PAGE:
A Tulsa highway with no room for error - NewsOn6.com - Tulsa, OK - News, Weather, Video and Sports - KOTV.com |

A Tulsa highway with no room for error

Updated:
Funeral services were held Friday morning for a 19 year old woman killed on I-44 on Monday.

News on 6 reporter Emory Bryan says the Oklahoma Highway Patrol says a four vehicle, head-on collision started with an unsafe lane change. The accident might not have been fatal - if some long planned improvements had been in place. The accident ripped apart two small cars that were westbound on I-44. When one of the drivers made a lane change, she bumped the other car.

Both crossed the median and hit trucks going east. The driver of the second car was seriously hurt. 19 year old Felicia Barger, driving the car that troopers say started the accident, was killed.

OHP trooper Lt Tom Montgomery: "Wasn't a high degree of speed involved, the speed limit through there is 60 miles an hour, we think the speed was right around that. The contributing factor on that crash was just inattentive driving and an unsafe lane change."

The accident came at a point in the highway where accidents are not uncommon, though it's a relatively straight stretch of road. It's often congested - and the OHP believes that's a factor in most of the accidents on I-44. Lt Montgomery: "They reduced the speed limit through there because of the heavy traffic and we're doing our best to try to enforce the speed laws through there."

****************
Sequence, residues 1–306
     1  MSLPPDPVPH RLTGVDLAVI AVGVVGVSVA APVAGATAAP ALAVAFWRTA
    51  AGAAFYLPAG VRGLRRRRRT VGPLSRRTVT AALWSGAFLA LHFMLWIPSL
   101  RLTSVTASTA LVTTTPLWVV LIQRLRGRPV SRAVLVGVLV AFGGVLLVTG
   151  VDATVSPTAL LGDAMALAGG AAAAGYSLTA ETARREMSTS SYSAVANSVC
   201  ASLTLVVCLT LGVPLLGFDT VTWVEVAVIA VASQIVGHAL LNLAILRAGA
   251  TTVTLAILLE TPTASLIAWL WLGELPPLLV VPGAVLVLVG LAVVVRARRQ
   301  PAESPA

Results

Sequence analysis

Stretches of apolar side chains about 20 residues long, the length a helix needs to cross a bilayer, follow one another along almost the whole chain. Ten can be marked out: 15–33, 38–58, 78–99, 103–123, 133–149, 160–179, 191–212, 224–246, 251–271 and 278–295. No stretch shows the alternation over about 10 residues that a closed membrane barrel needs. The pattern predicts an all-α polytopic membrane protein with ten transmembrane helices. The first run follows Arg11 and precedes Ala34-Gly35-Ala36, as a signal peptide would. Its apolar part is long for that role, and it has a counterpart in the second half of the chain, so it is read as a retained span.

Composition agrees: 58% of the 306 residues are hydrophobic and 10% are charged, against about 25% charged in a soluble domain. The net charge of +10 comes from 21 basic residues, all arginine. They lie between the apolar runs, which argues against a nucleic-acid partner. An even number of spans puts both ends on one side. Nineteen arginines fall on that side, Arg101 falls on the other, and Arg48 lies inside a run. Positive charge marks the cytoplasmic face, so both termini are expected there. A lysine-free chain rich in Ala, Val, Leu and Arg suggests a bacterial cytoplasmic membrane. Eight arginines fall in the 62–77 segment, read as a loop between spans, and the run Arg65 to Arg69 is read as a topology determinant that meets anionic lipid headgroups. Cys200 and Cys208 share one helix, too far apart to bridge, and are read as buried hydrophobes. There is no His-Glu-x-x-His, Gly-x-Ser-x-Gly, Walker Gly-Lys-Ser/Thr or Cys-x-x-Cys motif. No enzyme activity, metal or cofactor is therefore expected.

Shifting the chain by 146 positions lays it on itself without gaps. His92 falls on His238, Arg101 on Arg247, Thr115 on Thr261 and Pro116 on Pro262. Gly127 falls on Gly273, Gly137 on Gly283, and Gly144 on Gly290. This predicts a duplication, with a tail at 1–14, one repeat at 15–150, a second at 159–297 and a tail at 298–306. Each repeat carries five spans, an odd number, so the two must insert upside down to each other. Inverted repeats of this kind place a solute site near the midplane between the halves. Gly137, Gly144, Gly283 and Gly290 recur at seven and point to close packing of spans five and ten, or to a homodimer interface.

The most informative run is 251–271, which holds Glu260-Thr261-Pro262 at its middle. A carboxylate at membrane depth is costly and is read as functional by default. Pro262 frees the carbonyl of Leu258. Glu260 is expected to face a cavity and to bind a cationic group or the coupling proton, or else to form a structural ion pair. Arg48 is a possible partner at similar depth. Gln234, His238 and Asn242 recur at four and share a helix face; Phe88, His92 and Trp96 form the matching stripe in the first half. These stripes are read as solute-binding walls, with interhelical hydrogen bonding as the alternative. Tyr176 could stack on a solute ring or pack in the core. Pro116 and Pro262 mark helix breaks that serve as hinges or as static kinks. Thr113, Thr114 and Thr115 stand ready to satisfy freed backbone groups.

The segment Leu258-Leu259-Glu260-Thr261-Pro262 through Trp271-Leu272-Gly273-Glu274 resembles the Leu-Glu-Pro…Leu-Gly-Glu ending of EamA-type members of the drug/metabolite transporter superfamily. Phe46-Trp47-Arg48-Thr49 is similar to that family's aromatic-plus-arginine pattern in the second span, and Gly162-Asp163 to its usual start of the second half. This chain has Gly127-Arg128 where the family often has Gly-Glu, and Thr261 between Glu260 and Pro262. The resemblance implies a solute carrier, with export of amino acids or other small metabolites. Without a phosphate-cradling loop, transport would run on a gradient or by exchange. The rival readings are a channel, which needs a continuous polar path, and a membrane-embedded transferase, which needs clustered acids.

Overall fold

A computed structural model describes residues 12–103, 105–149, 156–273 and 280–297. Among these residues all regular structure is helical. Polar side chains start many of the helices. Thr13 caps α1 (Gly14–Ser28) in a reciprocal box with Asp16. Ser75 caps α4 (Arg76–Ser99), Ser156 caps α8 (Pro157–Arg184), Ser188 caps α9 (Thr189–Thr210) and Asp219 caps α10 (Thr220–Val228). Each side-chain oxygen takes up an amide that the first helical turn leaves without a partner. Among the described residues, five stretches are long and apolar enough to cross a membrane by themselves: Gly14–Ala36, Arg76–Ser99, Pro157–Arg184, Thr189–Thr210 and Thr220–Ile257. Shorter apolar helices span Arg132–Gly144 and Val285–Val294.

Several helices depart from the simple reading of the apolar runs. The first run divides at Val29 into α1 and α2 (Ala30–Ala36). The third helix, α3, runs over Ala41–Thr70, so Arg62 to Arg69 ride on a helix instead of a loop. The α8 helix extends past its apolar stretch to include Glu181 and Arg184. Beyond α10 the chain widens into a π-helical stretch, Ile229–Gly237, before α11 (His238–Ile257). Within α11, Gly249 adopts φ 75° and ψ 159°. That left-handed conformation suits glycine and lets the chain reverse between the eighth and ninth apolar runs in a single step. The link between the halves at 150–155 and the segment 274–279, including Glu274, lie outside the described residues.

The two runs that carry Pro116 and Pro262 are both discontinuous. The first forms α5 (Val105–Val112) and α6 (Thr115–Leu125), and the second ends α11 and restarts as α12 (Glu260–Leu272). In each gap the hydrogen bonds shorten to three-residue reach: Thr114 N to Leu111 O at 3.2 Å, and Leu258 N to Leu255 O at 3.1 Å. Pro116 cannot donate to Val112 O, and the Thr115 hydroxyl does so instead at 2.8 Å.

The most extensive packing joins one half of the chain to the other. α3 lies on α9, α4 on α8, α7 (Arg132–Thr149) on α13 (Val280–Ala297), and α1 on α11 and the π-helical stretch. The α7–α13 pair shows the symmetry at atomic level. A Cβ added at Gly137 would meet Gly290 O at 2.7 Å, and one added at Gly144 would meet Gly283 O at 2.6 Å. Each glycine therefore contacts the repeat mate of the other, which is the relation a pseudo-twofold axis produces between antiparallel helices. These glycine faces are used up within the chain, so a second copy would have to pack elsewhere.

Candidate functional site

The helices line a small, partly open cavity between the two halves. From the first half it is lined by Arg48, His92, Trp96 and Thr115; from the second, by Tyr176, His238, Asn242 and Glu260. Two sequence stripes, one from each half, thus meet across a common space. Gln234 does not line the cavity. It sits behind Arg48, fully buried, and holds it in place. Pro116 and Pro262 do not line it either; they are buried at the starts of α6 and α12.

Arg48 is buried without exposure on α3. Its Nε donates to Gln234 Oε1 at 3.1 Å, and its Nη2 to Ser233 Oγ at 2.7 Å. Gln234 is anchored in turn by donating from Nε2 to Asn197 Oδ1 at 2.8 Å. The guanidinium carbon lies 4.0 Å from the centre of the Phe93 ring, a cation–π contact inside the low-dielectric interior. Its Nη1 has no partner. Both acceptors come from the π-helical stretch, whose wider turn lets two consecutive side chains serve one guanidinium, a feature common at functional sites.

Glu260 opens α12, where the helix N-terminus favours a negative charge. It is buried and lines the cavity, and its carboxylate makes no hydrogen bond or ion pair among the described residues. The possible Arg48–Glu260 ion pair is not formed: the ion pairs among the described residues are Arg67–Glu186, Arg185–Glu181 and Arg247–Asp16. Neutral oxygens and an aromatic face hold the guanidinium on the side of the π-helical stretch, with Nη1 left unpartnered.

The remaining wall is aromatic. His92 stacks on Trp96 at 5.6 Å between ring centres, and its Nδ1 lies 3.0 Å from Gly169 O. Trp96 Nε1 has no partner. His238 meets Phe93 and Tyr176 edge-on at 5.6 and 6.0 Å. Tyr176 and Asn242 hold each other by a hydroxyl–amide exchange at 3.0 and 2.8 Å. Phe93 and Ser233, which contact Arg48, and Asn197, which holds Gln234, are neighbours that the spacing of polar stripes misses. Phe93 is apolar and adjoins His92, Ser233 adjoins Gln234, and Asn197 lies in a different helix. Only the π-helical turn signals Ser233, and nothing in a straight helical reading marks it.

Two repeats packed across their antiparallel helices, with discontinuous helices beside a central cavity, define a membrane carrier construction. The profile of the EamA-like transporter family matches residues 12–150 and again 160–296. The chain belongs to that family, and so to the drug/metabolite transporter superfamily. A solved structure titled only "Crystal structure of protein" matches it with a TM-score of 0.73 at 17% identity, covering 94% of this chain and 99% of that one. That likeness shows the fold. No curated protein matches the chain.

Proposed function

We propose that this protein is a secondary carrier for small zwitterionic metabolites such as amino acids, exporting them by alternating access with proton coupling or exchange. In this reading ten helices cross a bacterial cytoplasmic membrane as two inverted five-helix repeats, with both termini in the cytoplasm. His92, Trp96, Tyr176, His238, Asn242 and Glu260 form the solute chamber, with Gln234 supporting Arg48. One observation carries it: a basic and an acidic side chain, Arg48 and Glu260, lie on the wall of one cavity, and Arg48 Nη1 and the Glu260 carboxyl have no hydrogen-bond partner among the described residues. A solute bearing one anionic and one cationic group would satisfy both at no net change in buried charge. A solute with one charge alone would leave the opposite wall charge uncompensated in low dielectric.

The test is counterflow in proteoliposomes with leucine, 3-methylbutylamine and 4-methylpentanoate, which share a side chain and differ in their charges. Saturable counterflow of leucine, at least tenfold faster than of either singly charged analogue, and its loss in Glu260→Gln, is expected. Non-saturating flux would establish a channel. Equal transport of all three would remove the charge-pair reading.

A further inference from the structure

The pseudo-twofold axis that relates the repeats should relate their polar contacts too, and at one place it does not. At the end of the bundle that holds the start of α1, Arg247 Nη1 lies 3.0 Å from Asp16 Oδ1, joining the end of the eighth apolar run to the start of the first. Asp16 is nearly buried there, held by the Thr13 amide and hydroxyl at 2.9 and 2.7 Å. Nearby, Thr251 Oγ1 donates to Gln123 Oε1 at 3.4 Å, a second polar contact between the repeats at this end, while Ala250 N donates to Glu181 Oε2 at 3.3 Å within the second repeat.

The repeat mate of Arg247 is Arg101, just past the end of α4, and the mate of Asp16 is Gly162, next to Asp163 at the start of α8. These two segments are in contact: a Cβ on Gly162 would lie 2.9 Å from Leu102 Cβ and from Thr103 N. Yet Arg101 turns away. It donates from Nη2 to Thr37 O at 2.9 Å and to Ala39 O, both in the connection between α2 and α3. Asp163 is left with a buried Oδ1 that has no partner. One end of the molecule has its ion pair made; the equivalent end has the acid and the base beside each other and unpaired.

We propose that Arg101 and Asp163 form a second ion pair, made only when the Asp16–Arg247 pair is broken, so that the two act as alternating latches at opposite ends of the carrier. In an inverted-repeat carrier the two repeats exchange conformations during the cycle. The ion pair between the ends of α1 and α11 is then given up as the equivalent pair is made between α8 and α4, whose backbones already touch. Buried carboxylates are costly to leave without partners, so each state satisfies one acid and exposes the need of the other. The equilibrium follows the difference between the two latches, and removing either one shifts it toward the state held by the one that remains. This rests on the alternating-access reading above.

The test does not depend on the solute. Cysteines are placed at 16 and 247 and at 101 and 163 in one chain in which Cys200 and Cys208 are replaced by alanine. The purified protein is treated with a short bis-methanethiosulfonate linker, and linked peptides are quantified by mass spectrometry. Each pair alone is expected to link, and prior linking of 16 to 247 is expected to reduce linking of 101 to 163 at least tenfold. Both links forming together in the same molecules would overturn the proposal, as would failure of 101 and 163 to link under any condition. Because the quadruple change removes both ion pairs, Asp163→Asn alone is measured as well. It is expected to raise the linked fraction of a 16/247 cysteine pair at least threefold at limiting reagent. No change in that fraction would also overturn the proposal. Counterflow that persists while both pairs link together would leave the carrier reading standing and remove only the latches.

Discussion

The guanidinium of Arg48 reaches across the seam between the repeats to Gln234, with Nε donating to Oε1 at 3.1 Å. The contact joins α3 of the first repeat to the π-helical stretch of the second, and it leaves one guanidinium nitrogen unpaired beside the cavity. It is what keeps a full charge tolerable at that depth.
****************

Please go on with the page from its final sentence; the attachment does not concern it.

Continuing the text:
Once an accident starts - there's no room to recover. I-44 between Yale and the river has no inside shoulder, and no median barrier between Lewis and Yale. Those safety features are part of the newly widened section of I-44 to the east of last Monday's accident. The lanes are wider, there's a concrete barrier, and stopping lanes on both sides.

On the older section - due for an upgrade - drivers must take their chances - and plenty do even darting from the access road into the highway at a point where accidents are not uncommon, and often severe.

The Oklahoma Highway Patrol says most of the accidents happen on I-44 on Mondays and Fridays - they believe when people are distracted by the start or end of the work week.

As for the improvements to the highway, the Oklahoma Department of Transportation told the News on 6 on Friday, they have no timetable for widening I-44 because they have no idea when they'll get the money to do it.
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